Punk’d: How TV News Skirts Ethics

By showing James O’Keefe's hidden camera videos they endorse entrapment journalism

It was a video ambush that continues to cause casualties at National Public Radio. CEO Vivian Schiller resigned after fundraising executive Ron Schiller (no relation) was caught on tape attacking those who were trying to cut off public funding of NPR as “racist” and “xenophobic.”

Ron Schiller thought he was talking to some Muslim businessmen who wanted to give $5 million to NPR. He wasn’t. He was talking to members of a video hit squad run by conservative political activist James O’Keefe, who used similar tactics to embarrass ACORN and HUD.

Wisconsin Governor Scott Walker was embarrassed by the same kind of “punk’d” journalism when he thought he was talking to conservative money-man David Koch. He wasn’t. He was talking to Ian Murphy, editor of liberal online newspaper Buffalo Beast. The audio of Walker admitting that he thought about sending “troublemakers” into the crowd of protestors served to undercut his tough anti-union position.

The Walker audio and the NPR video is the kind of entrapment journalism that would never be tolerated by the mainstream TV networks. CBS, NBC, ABC, CNN and Fox all have strict rules against news people misrepresenting themselves to get a story.

Then why did all of those news outlets happily air the Walker and NPR tapes, thus condoning the same behavior they would find reprehensible from their own reporters? It’s as if they are outsourcing their ambushes and hiring journo-mercenaries to do their dirty work.

This exposes not only a bold hypocrisy by the networks, but the problem with news on the Internet. It is the Wild West of journalism. Anyone with a camera and a website can post stories with no editors, no fact-checking and no rules. Many times baseless and unethical reports from shady Internet sources slime their way into the mainstream. The sensational nature of the material is irresistible to most newsrooms.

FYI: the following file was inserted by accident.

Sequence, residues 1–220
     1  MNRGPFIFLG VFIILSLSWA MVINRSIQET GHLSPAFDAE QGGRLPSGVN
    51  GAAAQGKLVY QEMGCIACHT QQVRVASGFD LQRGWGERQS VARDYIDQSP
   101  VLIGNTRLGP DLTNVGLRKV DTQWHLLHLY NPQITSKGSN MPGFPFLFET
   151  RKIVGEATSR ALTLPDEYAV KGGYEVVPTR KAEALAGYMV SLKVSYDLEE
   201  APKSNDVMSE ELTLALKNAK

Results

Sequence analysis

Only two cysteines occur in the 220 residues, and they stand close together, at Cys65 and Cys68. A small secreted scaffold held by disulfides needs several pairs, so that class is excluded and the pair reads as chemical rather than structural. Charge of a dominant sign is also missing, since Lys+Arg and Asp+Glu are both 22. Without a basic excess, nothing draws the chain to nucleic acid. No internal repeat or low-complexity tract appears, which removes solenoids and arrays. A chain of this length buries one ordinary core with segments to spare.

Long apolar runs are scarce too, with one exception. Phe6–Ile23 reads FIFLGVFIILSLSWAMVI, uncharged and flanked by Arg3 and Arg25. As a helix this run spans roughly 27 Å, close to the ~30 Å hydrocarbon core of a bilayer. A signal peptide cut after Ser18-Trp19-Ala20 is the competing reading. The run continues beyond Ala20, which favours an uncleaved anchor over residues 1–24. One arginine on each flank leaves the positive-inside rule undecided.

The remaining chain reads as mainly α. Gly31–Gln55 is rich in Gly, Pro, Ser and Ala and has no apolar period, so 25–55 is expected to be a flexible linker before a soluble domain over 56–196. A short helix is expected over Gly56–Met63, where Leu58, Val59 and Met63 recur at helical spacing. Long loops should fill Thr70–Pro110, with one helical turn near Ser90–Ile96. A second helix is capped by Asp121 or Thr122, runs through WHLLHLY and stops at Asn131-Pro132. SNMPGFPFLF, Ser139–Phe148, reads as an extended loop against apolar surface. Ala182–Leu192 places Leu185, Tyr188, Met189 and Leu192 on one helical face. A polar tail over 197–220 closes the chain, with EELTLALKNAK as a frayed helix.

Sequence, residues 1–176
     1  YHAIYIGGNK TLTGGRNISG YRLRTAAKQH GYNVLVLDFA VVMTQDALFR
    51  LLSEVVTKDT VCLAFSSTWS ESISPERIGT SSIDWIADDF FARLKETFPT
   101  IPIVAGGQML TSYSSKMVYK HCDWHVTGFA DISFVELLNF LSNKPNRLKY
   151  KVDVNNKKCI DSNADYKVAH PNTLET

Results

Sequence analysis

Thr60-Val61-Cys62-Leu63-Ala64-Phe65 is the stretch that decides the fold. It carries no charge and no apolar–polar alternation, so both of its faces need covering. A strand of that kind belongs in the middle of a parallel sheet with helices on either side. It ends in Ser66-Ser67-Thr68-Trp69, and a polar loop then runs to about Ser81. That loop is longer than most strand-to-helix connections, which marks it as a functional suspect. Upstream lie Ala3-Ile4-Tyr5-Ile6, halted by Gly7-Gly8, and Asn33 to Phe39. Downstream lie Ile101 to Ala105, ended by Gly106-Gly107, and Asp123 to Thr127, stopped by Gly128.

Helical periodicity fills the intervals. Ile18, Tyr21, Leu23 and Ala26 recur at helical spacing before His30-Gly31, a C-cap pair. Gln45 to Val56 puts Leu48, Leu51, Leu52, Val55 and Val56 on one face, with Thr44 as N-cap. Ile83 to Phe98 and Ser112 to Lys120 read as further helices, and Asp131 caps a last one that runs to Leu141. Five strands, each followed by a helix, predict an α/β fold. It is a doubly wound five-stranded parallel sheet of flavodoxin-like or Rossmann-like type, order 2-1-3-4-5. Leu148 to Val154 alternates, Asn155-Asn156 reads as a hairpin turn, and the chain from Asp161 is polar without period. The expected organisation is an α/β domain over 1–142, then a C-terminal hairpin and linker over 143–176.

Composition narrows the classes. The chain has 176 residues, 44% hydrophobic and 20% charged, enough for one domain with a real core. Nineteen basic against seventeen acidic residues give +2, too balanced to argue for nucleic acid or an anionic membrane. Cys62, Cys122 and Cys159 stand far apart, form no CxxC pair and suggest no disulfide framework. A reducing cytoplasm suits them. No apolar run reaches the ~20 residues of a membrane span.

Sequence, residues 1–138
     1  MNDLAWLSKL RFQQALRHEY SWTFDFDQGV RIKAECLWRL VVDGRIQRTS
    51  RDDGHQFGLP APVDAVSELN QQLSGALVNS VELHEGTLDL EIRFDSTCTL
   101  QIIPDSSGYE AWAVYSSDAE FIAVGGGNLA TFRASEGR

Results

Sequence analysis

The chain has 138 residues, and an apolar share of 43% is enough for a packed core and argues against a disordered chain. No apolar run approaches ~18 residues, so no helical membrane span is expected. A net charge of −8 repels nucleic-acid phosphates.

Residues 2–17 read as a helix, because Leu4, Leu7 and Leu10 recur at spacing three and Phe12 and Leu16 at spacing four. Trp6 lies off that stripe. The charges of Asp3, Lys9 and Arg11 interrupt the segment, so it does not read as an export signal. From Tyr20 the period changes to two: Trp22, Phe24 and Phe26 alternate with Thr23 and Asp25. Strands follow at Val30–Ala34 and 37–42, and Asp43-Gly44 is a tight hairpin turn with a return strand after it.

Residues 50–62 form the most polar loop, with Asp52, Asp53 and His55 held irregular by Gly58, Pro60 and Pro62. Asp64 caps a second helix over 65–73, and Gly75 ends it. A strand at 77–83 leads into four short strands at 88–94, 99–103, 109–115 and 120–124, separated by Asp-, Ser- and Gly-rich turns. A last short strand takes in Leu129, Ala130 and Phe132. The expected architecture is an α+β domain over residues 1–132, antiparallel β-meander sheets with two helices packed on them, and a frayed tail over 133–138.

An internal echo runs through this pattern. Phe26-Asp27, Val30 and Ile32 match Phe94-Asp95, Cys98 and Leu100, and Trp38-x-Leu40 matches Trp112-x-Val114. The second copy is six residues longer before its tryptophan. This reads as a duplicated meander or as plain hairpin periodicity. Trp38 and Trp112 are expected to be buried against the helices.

Remember Shirley Sherrod? She was forced to resign from her job with the U.S. Department of Agriculture and nationally embarrassed after conservative blogger Andrew Breitbart made her look like a racist by posting video clips from a speech she made to the NAACP. The clips were purposely taken out of context from the speech about personal growth and healing the wounds of racism. Every network eagerly aired those clips without the due diligence of watching the entire speech.

President Obama still has to deal with the nagging accusation that he is not a U.S. Citizen, and there are still people who believe that Sarah Palin did not give birth to her youngest son Trig. Both stories were begot by anonymous bloggers in the underbelly of the Internet and rose to public consciousness with the help of the mainstream media.

Networks need to step off the 24-hour news treadmill for a moment and deal with this problem. Their highly competitive, knee-jerk propensity to air these stories, videos and audio clips without their own investigation is unethical and in direct conflict with their own canon. Most of these Internet stories that the networks find so irresistible are fueled by someone’s prejudice or political agenda. The stories are crafted to manipulate network coverage and the public’s perception.

I would suggest that we all remember a simple rule when looking to the Internet for news: Consider the source. The network news bosses should heed that rule too. If an Internet journalist breaks rules of ethics, then networks are guilty of breaking their own rules by re-airing that journalist’s work.

LARRY MENDTE writes for The Philly Post every Thursday. See his previous columns here. To watch his video commentaries, go to wpix.com.